“I’m currently grappling with how to handle the mundane repetition of certain aspects of life, which I think everyone is,” says nomadic indiepop singer/songwriter Leila Sunier who is currently residing in Los Angeles. “The strange circumstances of COVID aside, your life is a series of patterns and regardless of who you are or where you come from, we’re all dealing with it.” It’s a rather layered thought from an artist who seems to focus a bit on drinking and its effects on life.
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On the surface, her newest single “Everyone” sounds like a party girl on an alcoholic binge (“Do another / Do another / I feel so much better / When I do another”), but when you dig a little deeper, it’s more about using alcohol as an escape from the mundaneness of life. When put in the context of the isolation we are all currently experiencing, it begins to transform into a hopeless and futile attempt at drowning out the noise for a bit of respite, even if it means finding comfort in alcohol.
“Like most of the songs on this project, I wrote ‘Everyone’ in the summer of last year,” she recalls. “I was working at a gastropub at the time and the relationships and memories I formed there certainly influenced my writing.” Observing her clientele and the personality archetypes that she encountered as well as her own drunken escapades provided quite a bit of source material for her songwriting.
“’’Everyone’ describes the setting that I observed and took part in last summer; the repetitive and all-consuming nature of nights spent stumbling from one bar to the next,” she laughs. “I think it’s something most everyone can relate to. Everyone’s been a dum dum boy or girl at one point or another. Keeping yourself and your habits in check, though, that’s where it really matters at the end of the day.”
Whether she herself has grown from being a ‘dum dum girl’ is up for grabs, but what the experience has afforded her is this single and Where Everything Is Perfect, the upcoming album that it’s taken from. Like a playful Maggie Rogers, Sunier skips around the propulsive beat and cyclonic guitar, until the dainty and staccato Regina Spektor-esque chorus clips in to take over. It’s an intoxicating song that immerses you deep into the swirl of her textures and spins you around to dizzying effect.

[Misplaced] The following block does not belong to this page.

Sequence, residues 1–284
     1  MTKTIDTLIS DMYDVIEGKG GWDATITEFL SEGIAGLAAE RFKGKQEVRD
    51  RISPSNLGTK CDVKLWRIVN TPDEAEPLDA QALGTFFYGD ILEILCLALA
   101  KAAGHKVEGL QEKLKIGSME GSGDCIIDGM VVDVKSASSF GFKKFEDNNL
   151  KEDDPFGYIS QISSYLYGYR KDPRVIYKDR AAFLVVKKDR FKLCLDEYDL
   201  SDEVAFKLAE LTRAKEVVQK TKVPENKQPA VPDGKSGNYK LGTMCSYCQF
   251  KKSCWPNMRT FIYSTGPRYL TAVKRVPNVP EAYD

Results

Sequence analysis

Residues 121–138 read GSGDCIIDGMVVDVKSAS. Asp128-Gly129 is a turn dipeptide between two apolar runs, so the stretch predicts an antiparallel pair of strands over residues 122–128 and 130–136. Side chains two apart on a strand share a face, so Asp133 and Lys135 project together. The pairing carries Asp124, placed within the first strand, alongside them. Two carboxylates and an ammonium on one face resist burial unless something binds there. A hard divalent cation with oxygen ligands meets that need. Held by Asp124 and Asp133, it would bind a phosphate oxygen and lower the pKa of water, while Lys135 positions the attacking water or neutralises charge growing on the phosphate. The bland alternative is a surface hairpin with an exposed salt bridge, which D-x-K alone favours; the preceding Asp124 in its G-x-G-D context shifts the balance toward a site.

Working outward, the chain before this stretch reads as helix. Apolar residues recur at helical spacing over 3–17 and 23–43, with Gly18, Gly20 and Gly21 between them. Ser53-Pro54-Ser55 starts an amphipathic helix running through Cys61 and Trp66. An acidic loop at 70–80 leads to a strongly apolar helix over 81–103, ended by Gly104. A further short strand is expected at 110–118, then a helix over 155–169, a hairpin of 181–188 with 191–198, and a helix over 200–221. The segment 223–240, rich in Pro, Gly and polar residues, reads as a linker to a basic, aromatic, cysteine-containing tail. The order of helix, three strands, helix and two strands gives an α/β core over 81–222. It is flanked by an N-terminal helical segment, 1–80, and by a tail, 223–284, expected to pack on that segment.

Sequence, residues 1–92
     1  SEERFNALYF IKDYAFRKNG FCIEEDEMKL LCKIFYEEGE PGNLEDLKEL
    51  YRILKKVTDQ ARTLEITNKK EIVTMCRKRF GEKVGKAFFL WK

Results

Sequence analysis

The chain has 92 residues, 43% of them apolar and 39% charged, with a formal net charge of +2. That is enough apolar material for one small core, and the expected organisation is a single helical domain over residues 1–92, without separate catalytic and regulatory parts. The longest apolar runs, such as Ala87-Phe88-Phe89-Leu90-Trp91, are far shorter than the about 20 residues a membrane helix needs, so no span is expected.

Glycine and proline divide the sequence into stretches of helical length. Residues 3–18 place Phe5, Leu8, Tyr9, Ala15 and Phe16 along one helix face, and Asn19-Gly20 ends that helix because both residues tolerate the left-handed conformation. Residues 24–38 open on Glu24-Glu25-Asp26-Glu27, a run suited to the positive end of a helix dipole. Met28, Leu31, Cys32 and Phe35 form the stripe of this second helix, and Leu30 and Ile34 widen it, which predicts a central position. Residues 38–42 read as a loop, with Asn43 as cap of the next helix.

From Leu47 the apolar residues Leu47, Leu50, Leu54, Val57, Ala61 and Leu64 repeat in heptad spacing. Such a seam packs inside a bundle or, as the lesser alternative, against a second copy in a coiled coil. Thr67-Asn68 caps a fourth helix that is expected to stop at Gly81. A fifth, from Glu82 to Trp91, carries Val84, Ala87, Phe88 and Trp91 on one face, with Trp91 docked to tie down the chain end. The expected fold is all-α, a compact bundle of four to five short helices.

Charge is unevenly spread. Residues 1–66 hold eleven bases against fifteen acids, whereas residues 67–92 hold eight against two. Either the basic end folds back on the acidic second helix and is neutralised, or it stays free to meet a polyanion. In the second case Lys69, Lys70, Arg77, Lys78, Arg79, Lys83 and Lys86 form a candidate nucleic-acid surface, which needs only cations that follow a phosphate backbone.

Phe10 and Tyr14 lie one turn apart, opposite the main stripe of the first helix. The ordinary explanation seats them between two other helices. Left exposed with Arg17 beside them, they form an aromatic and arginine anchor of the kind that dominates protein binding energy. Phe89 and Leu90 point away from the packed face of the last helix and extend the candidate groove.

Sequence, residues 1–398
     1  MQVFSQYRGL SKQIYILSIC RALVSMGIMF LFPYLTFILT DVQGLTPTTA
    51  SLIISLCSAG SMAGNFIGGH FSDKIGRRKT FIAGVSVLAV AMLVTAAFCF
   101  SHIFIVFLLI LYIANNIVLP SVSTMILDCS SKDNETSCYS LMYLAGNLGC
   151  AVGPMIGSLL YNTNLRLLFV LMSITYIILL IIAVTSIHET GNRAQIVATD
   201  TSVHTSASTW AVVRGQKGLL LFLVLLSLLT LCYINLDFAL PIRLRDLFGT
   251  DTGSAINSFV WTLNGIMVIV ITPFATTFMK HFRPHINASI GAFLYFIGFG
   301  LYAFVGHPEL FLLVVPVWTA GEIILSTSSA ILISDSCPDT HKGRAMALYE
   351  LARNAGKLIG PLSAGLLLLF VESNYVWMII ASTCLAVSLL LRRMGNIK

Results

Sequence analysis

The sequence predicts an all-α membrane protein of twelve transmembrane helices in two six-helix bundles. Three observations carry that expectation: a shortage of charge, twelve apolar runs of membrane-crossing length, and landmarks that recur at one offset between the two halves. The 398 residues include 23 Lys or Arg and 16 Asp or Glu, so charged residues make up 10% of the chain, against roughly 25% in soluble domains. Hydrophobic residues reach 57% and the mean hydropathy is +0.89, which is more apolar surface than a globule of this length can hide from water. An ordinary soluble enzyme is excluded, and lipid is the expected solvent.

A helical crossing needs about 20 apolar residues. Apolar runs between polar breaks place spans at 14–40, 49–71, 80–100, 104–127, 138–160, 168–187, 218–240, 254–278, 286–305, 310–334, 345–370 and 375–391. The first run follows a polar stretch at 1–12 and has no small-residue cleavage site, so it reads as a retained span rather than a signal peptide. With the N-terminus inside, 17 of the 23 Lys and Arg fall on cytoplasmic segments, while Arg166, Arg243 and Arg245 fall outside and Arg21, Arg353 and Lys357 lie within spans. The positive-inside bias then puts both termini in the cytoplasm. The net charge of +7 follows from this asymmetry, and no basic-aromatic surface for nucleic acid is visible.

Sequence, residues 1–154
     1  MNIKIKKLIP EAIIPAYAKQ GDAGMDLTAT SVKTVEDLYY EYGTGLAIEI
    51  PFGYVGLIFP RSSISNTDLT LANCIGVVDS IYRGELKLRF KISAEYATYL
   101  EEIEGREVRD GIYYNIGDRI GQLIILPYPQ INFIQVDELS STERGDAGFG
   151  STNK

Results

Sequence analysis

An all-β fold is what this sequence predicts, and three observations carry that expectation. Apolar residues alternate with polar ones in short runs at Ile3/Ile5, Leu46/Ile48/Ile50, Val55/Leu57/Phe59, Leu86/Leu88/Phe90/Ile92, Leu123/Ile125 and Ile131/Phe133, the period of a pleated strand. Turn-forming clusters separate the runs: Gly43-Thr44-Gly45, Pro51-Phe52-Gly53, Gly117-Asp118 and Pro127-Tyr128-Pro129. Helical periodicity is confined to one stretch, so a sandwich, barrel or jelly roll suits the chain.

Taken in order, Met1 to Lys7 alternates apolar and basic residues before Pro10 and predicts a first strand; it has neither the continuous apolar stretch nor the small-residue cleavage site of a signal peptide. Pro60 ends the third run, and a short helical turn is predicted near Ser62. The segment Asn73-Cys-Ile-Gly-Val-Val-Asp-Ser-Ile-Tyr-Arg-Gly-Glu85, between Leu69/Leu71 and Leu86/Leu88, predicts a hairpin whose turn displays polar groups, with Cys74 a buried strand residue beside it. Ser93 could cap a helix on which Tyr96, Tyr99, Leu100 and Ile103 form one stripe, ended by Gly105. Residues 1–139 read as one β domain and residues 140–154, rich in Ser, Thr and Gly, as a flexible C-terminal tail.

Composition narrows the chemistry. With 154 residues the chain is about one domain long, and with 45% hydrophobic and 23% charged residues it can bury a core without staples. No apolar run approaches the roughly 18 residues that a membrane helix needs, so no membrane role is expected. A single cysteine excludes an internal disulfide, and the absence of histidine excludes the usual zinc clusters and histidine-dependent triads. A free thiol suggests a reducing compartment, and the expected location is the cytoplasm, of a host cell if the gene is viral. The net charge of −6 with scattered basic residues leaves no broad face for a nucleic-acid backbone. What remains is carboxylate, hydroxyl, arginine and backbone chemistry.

“’Everyone’ centers on this idea of patterns, habits, and routine,” she explains, returning to the systemic arrangement of repeating designs of life. “The context in which it’s written can be read as a negative and positive, but it’s something that I’m currently extremely fascinated about. Habits and routine can be good. They can also be extremely destructive. They also can be downright boring.”
Like the plight of most artists who thrive in the live context, being anchored in place because of coronavirus restrictions has put a damper on her promotion of her upcoming album as well as her own appreciation of the performance of music. “I really hope I’m able to tour and play live with a band in 2021,” she sighs. “I miss live music so much, it’s ridiculous. Even to be able to go to a set as an audience member and a fan… that would be heaven. I just want to be in a jazz club listening to some saxophonist’s licks and losing my mind over it.”
In her own position as performer, she hopes for a return so she can bridge her art to her listeners. “Figuring out how I was going to even start talking about my music again was certainly a moral hurtle for me,” she replies. “A lot has gone down this summer globally and the country is at a boiling point politically. I knew that the only thing I could do was be mindful of what I was promoting and how I was promoting my art. The only thing you can and should consistently do is to speak on your truth and what you know. Equally important is to listen to others and to promote platforms you believe in. Share information you’ve come across and try to learn as much as you can, all while understanding that all any of us are here to do in the first place: learn.”
It’s an ambitious plan she has, especially launching her music at the start of a divisive and noisy election season, but she has modest goals. “For my own music, the hope just remains the same that people hear it, relate to the stories, and feel just a little bit more connected and like their own stories have been heard and told,” she says. “I want people to feel seen with my music. That’s what music has done for me and that’s all I really hope to put forth in my own work.”